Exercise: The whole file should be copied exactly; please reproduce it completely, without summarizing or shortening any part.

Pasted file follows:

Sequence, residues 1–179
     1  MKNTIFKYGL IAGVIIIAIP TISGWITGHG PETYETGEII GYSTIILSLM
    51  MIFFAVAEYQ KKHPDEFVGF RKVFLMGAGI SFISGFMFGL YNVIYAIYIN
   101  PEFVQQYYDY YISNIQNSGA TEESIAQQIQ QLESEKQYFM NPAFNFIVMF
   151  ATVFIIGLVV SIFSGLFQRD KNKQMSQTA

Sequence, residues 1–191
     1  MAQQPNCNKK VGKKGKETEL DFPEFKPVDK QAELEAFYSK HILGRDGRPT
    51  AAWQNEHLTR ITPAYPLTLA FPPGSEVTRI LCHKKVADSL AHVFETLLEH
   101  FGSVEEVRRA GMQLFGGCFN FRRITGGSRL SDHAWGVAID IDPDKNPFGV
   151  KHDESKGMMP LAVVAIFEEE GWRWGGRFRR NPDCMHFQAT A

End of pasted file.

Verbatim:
Sequence, residues 1–179
     1  MKNTIFKYGL IAGVIIIAIP TISGWITGHG PETYETGEII GYSTIILSLM
    51  MIFFAVAEYQ KKHPDEFVGF RKVFLMGAGI SFISGFMFGL YNVIYAIYIN
   101  PEFVQQYYDY YISNIQNSGA TEESIAQQIQ QLESEKQYFM NPAFNFIVMF
   151  ATVFIIGLVV SIFSGLFQRD KNKQMSQTA

Sequence, residues 1–191
     1  MAQQPNCNKK VGKKGKETEL DFPEFKPVDK QAELEAFYSK HILGRDGRPT
    51  AAWQNEHLTR ITPAYPLTLA FPPGSEVTRI LCHKKVADSL AHVFETLLEH
   101  FGSVEEVRRA GMQLFGGCFN FRRITGGSRL SDHAWGVAID IDPDKNPFGV
   151  KHDESKGMMP LAVVAIFEEE GWRWGGRFRR NPDCMHFQAT A